Dollar Coin Loophole Closes For Frequent Fliers

The U.S. Mint said today it will no longer accept credit-card payments for dollar coins purchased from its website. Too many people were using the program just to get frequent-flier miles.

In a statement today, the Mint said:

The Mint has determined that this policy change is prudent due to ongoing activity by individuals purchasing $1 coins with credit cards, accumulating frequent flyer miles, and then returning coins to local banks. Local banks, in turn, returned coins to the Federal Reserve. While not illegal, this activity was a clear abuse and misuse of the program.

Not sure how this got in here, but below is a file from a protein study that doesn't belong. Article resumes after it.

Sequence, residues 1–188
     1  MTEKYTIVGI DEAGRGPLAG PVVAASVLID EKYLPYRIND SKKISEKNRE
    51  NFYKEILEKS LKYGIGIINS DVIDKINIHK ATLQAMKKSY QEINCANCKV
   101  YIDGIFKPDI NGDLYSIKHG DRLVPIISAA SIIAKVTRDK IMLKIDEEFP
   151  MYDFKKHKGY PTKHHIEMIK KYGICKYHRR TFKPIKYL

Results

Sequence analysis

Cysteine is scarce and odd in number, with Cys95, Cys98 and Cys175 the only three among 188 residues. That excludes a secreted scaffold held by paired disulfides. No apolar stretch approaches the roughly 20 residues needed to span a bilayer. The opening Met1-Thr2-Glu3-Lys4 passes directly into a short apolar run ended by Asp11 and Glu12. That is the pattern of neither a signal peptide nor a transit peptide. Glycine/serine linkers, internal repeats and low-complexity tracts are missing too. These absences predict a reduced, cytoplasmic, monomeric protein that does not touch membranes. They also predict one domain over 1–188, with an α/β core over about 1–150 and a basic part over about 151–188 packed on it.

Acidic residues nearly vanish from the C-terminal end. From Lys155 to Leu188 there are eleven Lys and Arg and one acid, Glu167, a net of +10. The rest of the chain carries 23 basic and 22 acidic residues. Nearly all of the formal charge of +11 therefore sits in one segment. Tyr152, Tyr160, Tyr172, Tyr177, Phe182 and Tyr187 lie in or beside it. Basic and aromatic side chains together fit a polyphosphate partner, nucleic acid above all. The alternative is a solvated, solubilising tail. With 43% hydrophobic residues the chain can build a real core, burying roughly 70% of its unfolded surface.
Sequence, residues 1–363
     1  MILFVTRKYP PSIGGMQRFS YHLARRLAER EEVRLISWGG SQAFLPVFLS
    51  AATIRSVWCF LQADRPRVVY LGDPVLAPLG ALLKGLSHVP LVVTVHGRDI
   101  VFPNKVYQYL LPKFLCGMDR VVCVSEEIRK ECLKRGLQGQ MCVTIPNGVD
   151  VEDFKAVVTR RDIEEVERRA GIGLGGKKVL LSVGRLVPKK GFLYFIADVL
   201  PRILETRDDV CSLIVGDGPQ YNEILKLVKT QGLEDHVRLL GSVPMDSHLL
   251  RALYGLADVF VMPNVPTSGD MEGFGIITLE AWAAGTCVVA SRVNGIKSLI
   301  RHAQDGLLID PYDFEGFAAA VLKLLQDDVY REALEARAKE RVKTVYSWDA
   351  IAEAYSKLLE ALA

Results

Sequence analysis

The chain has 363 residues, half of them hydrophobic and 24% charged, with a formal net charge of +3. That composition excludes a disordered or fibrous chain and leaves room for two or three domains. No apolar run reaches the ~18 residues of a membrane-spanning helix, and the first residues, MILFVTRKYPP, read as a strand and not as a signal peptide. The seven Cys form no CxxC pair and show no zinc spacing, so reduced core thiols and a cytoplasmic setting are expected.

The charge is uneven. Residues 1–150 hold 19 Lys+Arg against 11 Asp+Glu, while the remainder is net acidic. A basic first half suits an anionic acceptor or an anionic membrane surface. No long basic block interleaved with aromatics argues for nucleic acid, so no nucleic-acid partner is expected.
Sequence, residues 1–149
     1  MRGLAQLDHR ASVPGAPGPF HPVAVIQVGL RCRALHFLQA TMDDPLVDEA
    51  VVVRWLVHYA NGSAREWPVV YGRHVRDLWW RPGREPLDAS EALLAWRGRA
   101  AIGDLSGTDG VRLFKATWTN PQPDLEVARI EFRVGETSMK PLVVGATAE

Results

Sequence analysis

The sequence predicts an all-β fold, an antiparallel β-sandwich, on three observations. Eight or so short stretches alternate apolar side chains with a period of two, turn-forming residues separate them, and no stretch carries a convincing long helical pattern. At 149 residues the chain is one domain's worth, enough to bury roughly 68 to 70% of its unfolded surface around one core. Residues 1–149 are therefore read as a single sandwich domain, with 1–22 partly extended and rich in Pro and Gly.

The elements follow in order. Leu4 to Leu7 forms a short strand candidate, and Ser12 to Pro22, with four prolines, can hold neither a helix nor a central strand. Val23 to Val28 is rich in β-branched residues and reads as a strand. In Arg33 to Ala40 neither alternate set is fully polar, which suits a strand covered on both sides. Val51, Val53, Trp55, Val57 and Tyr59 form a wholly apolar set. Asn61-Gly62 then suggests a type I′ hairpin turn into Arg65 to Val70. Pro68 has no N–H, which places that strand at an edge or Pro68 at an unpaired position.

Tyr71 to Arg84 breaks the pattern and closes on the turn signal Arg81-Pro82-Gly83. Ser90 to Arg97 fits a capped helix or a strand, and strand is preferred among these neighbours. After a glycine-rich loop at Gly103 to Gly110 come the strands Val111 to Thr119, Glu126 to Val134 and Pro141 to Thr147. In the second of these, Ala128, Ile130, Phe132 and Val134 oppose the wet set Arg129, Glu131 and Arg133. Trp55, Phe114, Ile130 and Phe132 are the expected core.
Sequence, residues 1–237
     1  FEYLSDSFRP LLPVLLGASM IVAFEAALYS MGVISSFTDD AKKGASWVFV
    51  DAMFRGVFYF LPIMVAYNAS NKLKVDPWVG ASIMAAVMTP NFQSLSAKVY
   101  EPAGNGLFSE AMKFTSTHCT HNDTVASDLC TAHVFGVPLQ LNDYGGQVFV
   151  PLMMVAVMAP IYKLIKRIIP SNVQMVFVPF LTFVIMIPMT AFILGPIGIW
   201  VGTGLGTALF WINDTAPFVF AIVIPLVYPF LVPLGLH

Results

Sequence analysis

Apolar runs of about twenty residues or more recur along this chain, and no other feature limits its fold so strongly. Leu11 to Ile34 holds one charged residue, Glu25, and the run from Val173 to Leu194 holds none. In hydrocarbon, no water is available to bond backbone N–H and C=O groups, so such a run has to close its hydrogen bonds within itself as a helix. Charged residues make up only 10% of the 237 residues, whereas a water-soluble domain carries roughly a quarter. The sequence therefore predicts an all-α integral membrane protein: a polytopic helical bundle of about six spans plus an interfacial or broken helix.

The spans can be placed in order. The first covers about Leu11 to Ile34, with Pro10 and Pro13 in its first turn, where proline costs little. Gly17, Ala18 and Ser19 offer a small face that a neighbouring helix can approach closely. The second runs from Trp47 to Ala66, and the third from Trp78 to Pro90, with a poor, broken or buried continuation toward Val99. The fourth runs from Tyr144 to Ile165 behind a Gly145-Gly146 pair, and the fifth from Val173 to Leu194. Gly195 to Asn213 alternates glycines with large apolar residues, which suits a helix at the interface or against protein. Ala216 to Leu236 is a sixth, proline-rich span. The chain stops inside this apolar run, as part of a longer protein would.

The Mint noticed the problem back in 2008, and put limits on how many coins people could order.

But, as we reported last week, that didn't solve the problem.

"When we undertook these aggressive actions initially we felt that would solve the issue," U.S. Mint spokesman Tom Jurkowsky told me. "It obviously didn't ... This is the next logical step."

Payment must now be by wire transfer or check. More than a billion dollar coins are sitting in government vaults, unused.

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